Nike Campaign Features Marvin The Martian Mets Affiliate To Be Called Columbia Fireflies WNBA's Breast Cancer Awareness Week DeKalb Approves $30 Soccer Facility HBO's "Back On Board: Greg Louganis" Judge: No Vote Needed For Rams Stadium Funds Classified Advertisements PGA Championship Seeing Record Sales Former UGA AD Evans Now An Asset To Maryland Big Ten Phasing Out FCS Opponents
SBD/Issue 64/Sponsorships, Advertising & Marketing
Wheels & Deals: Scott Speed Files Lawsuit Against Red Bull Racing
Published December 13, 2010
|Scott Speed's Lawsuit Against Red Bull Racing
Claims Team Wasn't Funded At Necessary Level
NASCAR driver Scott Speed filed a $6.5M breach-of-contract lawsuit on Friday "against Red Bull Racing, the team that released" him after the '10 Sprint Cup Series season. Speed claims in the lawsuit, which was filed in North Carolina Superior Court, that RBR "did not fund the team as necessary to compete at the Cup level." The $6.5M figure "represents the salary Speed would have received" from '11-13, in addition to a $500,000 reduction for '10. Speed last week said that the "filing of the lawsuit was in hopes of being able to pay bills due next year, given that the chances of now getting a ride for 2011 are slim." Speed had "been a Red Bull athlete for more than seven years and competed in Formula One for the energy drink company" in '06-07 (SCENEDAILY.com, 12/10).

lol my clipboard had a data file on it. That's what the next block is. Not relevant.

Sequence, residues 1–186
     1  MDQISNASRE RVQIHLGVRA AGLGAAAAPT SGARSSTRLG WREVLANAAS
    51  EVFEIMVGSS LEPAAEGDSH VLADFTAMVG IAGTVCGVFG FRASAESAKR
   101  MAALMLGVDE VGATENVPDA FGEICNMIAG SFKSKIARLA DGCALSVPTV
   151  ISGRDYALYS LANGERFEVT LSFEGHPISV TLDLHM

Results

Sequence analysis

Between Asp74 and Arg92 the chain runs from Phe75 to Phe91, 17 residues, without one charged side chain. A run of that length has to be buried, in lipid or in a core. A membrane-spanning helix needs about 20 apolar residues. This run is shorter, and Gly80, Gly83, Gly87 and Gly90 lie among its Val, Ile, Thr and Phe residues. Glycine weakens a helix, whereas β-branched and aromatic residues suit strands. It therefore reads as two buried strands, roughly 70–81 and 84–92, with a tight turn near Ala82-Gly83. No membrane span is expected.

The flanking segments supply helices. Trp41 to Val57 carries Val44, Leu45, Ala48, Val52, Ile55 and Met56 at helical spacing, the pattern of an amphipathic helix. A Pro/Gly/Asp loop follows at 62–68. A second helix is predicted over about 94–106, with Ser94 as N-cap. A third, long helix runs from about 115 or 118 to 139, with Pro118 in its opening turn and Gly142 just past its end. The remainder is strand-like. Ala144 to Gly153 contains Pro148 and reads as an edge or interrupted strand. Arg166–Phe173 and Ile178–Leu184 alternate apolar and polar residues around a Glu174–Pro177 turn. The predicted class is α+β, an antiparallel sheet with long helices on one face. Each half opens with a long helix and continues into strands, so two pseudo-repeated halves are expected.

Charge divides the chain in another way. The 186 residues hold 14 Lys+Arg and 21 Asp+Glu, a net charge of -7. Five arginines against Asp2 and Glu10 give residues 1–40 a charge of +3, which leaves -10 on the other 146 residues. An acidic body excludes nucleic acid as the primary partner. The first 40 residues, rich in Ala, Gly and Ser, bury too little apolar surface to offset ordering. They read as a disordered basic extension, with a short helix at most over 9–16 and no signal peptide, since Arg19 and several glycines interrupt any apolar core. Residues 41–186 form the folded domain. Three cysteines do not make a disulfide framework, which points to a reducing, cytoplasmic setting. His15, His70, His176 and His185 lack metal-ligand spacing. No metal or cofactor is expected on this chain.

CHANGING LANES? SI.com's Tom Bowles reported Robby Gordon could leave NASCAR and join "the IndyCar ranks." Gordon's Sprint Cup program "has sponsorship for only a handful of races," and sources indicated that he "has grown weary of trying to fight a losing battle as a single-car, independent owner/driver on the circuit." Bowles noted "off-road sponsors like Monster Energy Drink are the only ones helping keep the No. 7 afloat right now, hungry for the additional exposure NASCAR's fan bases gives their product." Should the Izod IndyCar Series "continue its upward swing, there's a strong possibility the former open-wheel regular might move in that direction for 2012 and beyond" (SI.com, 12/10).
HOME IS (NOT) WHERE THE HEART IS: In Indianapolis, Curt Cavin noted Tony Kanaan landing a ride in the IndyCar Series next season "won't be difficult; getting one that pays well likely will be." Fellow Brazilian driver Vitor Meira last week said that "companies in their home country don't figure to provide the level of sponsorship that Kanaan seeks." Cavin noted Kanaan's "most likely IndyCar option continues to be the team owned by fellow Brazilian Gil de Ferran, but Kanaan also has investigated Kyle Busch's NASCAR Camping World Truck Series team." Meira himself last week "inadvertently tweeted" that he has signed a two-year contract to remain with A.J. Foyt Racing (INDIANAPOLIS STAR, 12/11).